The people of Pakistan have condemned the brazen violation of the country’s sovereignty by the US during its May 2 raid on Osama bin Laden’s compound in Abbottabad. They have demanded that the superpower send an unconditional apology for the operation along with the check for the next tranche of the promised annual aid.
“Obama must stop killing his fellow Muslim brethren,” said a trader, who was part of a rally in support of the military and a sensitive intelligence agency. He praised the army chief for his statement that honor is more important than welfare, and criticised the civil government for the growing inflation and for failing to fulfill its obligation to provide all basic amenities to the people at their doorstep. “Nobody could have stopped a revolution,” he said, “if it wasn’t this hot.”
The crowd was generally peaceful, but there were unconfirmed reports that a passer-by was manhandled after he provoked the crowd by saying the sensitive intelligence agency was not intelligent enough to know where Osama lived but sensitive enough to be hurt by his killing. “However, the politicians have also made a lot of mistakes,” the passer-by said, while putting his torn clothes back on.
The rally follows an unprecedented move by the military establishment to surrender itself to Pakistan’s elected representatives and show them some actual glimpses of Pakistan’s foreign policy. The last time the military briefed the civil government about the foreign policy was through a press release criticising the US move to make aid conditional to the army’s non-intervention in politics.
Diplomatic sources told this scribe that the world recognised Pakistan’s key role in the war on terror. Other experts said the diplomatic sources were being diplomatic.
Military leaders told the parliament that Pakistan had lost thousands of civilians to terrorism, and the country had sent its troops into the tribal areas suffering more deaths than NATO in the war on terror. During this time, the world’s top terrorist was living in his million dollar house close to the military academy in Abbottabad. “America,” they said, “is an unreliable ally.”
A defence expert who is a retired military officer said it was not surprising that Osama was living in Pakistan because the nation had historically always welcomed guests from the West. Asked if that was why Pakistani radars did not see American helicopters coming to get the Al-Qaeda leader either, he said he could not hear this scribe because the voice was breaking up. He strongly criticised his mobile phone company.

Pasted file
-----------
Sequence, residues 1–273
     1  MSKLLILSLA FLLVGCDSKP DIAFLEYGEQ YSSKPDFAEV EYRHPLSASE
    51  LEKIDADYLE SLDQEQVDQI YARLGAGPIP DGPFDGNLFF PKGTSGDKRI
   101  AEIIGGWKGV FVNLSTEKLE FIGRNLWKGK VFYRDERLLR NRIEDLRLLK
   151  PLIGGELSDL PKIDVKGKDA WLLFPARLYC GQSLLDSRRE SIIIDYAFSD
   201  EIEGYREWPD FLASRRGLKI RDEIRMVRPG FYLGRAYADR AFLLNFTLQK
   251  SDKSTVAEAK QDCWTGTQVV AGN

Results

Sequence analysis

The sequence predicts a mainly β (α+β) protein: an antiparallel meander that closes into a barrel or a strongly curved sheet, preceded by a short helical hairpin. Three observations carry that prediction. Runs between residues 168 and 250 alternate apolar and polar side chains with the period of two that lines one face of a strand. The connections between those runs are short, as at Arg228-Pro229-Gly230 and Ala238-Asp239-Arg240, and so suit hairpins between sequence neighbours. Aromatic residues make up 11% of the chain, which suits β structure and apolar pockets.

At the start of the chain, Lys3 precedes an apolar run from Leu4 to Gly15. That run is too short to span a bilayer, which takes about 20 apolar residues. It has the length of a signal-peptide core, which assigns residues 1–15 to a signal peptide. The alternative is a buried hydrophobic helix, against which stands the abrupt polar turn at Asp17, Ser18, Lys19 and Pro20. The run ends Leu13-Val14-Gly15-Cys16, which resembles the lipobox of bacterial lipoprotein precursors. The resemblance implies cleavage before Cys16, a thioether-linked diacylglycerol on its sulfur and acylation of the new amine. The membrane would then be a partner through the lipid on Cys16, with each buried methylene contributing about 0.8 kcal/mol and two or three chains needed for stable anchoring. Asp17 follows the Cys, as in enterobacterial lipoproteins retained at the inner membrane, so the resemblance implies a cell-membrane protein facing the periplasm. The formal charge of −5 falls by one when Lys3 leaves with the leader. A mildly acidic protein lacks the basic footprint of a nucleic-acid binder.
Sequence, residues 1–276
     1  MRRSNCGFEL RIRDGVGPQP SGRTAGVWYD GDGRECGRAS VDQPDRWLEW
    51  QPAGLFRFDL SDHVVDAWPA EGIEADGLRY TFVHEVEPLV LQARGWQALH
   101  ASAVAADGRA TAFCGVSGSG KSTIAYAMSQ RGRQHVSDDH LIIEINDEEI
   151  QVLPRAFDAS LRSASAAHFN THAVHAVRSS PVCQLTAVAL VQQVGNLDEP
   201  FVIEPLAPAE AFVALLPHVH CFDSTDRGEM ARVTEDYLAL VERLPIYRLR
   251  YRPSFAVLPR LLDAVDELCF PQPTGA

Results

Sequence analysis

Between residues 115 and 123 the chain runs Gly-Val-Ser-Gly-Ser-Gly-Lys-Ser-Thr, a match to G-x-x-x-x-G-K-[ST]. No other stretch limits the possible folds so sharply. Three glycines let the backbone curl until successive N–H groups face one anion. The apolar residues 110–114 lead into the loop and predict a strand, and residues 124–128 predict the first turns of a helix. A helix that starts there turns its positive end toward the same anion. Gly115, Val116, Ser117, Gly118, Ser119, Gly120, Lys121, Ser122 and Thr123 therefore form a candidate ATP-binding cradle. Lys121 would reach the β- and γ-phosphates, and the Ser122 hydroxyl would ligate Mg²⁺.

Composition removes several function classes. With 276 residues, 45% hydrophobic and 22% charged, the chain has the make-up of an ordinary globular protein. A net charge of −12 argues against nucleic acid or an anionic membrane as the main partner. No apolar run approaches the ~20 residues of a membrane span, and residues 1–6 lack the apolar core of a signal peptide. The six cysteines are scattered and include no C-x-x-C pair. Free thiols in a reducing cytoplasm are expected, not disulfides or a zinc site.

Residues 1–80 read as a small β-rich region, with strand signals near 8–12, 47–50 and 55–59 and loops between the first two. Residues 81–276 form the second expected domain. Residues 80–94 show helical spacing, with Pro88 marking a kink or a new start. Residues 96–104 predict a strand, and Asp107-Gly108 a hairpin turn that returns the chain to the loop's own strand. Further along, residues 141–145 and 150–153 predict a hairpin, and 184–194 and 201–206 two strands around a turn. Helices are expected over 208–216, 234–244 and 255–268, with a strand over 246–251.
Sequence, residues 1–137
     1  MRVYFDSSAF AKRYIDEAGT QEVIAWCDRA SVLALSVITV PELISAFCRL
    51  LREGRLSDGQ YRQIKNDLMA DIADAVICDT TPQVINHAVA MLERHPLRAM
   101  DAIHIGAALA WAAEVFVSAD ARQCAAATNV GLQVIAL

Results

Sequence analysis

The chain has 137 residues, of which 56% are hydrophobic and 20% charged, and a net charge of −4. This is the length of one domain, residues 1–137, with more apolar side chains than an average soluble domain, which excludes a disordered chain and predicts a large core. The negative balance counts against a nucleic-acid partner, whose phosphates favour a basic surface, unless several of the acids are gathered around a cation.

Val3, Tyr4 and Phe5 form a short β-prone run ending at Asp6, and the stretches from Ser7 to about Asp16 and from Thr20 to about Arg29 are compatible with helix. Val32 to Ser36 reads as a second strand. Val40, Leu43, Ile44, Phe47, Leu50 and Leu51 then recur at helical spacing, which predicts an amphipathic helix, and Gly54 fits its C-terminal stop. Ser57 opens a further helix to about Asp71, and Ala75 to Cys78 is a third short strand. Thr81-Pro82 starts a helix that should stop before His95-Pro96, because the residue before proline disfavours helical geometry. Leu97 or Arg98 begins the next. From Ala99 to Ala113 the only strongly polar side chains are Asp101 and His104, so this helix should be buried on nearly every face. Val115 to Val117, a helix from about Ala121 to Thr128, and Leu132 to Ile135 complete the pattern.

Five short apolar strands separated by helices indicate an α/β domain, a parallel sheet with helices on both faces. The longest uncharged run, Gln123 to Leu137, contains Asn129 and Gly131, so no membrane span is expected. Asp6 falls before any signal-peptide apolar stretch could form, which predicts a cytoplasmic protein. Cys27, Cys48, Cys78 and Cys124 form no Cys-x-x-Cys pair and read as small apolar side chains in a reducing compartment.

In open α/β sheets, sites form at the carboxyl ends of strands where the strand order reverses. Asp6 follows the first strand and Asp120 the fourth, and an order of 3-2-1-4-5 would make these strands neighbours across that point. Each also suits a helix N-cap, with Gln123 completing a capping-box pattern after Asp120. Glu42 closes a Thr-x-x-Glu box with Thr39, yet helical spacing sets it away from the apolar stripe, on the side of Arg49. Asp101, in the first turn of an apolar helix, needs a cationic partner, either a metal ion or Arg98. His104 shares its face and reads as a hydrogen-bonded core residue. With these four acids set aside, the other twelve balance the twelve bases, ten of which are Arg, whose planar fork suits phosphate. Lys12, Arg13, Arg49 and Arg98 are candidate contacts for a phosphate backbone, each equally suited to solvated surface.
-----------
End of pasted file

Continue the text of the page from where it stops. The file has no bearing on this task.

Pakistan has named several of its missiles after guests from the West. Sources said that naming a missile after Osama was not likely because of concerns about its fate, amid reports that the US could take control of Pakistan’s nuclear warheads in an Abbottabad style raid.
The defence expert praised the Pakistani government’s respect for privacy of people’s homes and its openness to foreign investment in the country’s housing sector. Asked if this policy had led to extremism in the society, he replied, “A people who cannot fight each other cannot fight the enemy.”
Bin Laden was America’s number one enemy. Sources in Washington said that after his death, it was time to deal with America’s new number one enemy: America itself. Documents seized from the compound reveal Al-Qaeda’s plans to destroy America’s infrastructure. While trying to control their laughter, sources in the American capital said the terrorist network was unaware that the country had already destroyed its infrastructure in the last decade.
They said the US had been observing the house in Abbottabad. Infrared imagery had shown that one of the people living there hardly ever moved, ordered people around, and never left the compound: characteristics of a high-value target.
Sources privy to this scribe said if that was true, this scribe might also be mistaken for a high-value target and killed.
The writer is a media critic and the News Editor, The Friday Times. He can be reached at [email protected]